If profits are high, then the system is working just fine---for the 1%. But for us 99%, the profit lust is itself the heart of the problem.

© Michael Parenti, 2011
Michael Parenti’s most recent book is The Face of Imperialism. Go here for further information about him.

Buy his AT release on iTunes!


Michael Parenti on Occupy America!

Occupy America by Michael Parenti
November 8, 2011

Beginning with Occupy Wall Street in September 2011, a protest movement spread across the United States to 70 major cities and hundreds of other communities. Similar actions emerged in scores of other nations.

For the first two weeks, the corporate-owned mainstream media along with NPR did what they usually do with progressive protests: they ignored them. These were the same media that had given the Tea Party supporters saturation coverage for weeks on end, ordaining them “a major political force.”

The most common and effective mode of news repression is omission. By saying nothing or next to nothing about dissenting events, movements, candidates, or incidents, the media consign them to oblivion. When the Occupy movement spread across the country and could no longer be ignored, the media moved to the second manipulative method: trivialization and marginalization.

So we heard that the protestors were unclear about what they were protesting and they were “far removed from the mainstream.” Media cameras focused on the clown who danced on Wall Street in full-blown circus costume, and the youths who pounded bongo drums: “a carnival atmosphere” “yongsters out on a spree,” with “no connection to the millions of middle Americans” who supposedly watched with puzzlement and alarm.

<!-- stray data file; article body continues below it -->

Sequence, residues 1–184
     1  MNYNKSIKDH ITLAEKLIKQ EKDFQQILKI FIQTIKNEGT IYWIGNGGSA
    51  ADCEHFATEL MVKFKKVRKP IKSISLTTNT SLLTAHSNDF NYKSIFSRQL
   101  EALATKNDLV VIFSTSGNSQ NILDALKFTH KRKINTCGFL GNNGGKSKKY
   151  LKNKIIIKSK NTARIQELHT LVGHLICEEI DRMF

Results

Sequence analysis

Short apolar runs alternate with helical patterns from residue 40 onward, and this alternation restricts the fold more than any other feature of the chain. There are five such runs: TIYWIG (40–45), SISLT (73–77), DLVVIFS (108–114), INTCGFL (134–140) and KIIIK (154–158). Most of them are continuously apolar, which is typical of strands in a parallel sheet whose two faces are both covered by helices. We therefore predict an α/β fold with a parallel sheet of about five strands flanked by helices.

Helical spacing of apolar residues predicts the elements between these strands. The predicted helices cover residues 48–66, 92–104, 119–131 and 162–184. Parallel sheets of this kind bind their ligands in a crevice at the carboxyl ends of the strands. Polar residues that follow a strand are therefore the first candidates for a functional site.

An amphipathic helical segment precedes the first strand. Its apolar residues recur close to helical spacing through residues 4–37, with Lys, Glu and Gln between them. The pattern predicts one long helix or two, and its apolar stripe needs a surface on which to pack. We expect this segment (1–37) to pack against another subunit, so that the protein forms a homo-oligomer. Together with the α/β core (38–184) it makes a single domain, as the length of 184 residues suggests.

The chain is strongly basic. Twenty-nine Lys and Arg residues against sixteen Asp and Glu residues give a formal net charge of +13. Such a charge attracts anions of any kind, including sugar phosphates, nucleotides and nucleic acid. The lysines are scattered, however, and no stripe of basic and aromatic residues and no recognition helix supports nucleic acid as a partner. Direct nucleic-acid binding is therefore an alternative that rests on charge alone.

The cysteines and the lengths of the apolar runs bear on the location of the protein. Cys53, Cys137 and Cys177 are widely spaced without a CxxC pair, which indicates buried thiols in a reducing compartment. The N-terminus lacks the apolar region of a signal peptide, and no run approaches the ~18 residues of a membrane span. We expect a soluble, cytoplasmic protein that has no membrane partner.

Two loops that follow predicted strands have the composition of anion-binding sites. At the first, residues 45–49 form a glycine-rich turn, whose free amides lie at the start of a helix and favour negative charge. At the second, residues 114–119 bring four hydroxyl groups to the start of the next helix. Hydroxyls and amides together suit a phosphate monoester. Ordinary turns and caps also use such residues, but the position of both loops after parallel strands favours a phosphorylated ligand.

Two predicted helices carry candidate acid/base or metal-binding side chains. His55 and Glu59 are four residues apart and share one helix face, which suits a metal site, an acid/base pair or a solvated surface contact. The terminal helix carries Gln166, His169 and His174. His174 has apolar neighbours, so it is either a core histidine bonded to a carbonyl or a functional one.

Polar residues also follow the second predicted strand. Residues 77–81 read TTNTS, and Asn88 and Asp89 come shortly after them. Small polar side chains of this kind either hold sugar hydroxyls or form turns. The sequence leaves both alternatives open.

Such coverage, again, was in sharp contrast to the respectful reportage accorded the Tea Party. House Majority Leader, the reactionary Republican Eric Cantor, described the Occupy movement as “growing mobs.” This is the same Cantor who hailed the Tea Party as an unexcelled affirmation of democracy.

The big November 2 demonstration in Oakland that succeeded in closing the port was reported by many media outlets, almost all of whom focused on the violence against property committed by a few small groups. Many of those perpetrators were appearing for the first time at the Oakland site. Some were suspected of being undercover police provocateurs. Their actions seemed timed to overshadow the successful shutdown of the nation’s fourth largest port.

Time and again, the media made the protestors the issue rather than the things they were protesting. The occupiers were falsely described as hippie holdovers and mindless youthful activists. In fact, there was a wide range of ages, socio-ethnic backgrounds, and lifestyles, from homeless to well-paid professionals, along with substantial numbers of labor union members. Far from being a jumble of confused loudmouths prone to violence, they held general assemblies, organized themselves into committees, and systematically took care of encampment questions, food, security, and sanitation.